In the course of writing the above paragraph I’ve realised that this post will turn into a baggy monster itself if I continue to attempt to capture these vast panoramic books in any sort of meaningful description.  So, like so many New Year’s resolutions, I’m going abandon my good intentions and instead write about a book that (in my copy) runs to a comparatively succinct 222 pages. Like Water for Chocolate by Laura Esquivel (published 1989. My copy: Black Swan, 1994), unlike the baggy monsters, keeps the plot fairly simple – Tita and Pedro love each other, tradition dictates they can’t be together, so he marries her sister to be around her.  You may not get a wallow in the depths of 800+ pages but it’s still a great choice for this time of year.    Firstly, its set in Mexico (and I should admit I read it in translation, if you can read it in the original Spanish so much the better) so if you can’t afford a warm holiday away from all the grey you can at least travel between the pages of a book.  Secondly, each chapter has a month title and an associated recipe and is hugely evocative around food: vicarious calories are delicious and also involve no cheating from your diet if you are insane enough to try and lose weight in January.  Amongst quail in rose petal sauce (March) and northern style chorizo (May) there is also a recipe for making matches (June), just in case you wondered. Finally, it is magic-realist in style: the female protagonist’s birth sees the kitchen awash in tears “When the uproar had subsided and the water had been dried up by the sun, Nacha swept up the residue the tears had left on the red stone floor. There was enough salt to fill a ten-pound sack – it was used for cooking and lasted a long time.” A bit of unreality – just what you need to help face the harsh realities of a northern winter.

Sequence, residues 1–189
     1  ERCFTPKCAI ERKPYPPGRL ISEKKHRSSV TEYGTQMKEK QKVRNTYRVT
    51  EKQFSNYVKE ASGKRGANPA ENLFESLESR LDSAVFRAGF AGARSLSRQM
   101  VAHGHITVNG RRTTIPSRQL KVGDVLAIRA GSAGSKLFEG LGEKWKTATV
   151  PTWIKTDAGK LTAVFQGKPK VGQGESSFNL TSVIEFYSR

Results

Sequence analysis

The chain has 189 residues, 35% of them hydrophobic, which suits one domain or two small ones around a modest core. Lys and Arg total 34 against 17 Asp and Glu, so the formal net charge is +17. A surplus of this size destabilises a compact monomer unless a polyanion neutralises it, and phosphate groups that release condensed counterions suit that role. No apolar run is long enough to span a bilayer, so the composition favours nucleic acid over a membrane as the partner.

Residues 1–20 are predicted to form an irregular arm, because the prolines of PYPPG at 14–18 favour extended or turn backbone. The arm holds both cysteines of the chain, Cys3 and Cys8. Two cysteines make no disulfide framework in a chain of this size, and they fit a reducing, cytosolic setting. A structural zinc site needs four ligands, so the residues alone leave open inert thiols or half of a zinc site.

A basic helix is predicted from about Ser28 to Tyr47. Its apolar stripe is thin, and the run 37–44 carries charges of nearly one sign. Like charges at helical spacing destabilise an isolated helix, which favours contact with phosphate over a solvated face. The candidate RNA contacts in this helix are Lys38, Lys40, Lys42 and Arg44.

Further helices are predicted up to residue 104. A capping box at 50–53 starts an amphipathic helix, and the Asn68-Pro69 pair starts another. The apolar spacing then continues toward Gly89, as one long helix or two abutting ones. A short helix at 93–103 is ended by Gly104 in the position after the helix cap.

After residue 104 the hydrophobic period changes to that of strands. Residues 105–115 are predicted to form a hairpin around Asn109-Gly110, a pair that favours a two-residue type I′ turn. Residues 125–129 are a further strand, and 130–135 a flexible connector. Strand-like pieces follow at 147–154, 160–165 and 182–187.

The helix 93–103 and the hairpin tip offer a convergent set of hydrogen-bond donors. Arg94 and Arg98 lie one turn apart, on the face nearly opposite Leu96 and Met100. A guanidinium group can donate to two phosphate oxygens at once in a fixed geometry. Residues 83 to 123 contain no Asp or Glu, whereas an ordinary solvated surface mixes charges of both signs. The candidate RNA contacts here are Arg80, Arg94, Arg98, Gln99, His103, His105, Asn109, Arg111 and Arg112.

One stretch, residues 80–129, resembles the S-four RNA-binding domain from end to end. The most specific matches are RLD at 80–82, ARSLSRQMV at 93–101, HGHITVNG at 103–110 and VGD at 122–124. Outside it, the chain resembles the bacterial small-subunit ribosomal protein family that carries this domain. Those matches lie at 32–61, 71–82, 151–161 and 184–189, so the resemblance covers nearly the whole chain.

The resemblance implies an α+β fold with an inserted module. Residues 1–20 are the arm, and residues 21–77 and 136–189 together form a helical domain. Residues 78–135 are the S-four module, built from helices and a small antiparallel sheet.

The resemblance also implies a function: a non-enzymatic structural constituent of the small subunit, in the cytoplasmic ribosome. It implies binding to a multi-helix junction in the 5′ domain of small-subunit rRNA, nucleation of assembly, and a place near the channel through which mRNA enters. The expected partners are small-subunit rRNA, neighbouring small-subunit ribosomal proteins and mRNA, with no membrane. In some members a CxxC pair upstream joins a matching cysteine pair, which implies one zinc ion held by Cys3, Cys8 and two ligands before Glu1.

So settle down with a great (in terms of both literary value and/or size) book and enough provisions to see you through (e.g. Kendal mint cake, or a family bar of chocolate.  With the latter you can always claim to be striking a blow against sociocultural constructions as a method of control (or something) by eating it all yourself.  This also works for family bags of crisps) and enjoy! I was planning to picture the books alongside some mojito cupcakes that I’d made for a friend’s birthday, but they went totally wrong – possibly due to the fact that my scales broke and so I guessed all the ingredients weights.  Hmmn, thinking about it, that’s almost definitely where my error lay. This succeeded in putting me in a cranky mood and incapable of thinking of another picture so instead here is a baggy monster who lives with me.  Proof, if proof were needed, that the world is a better place for having baggy monsters in it.

Image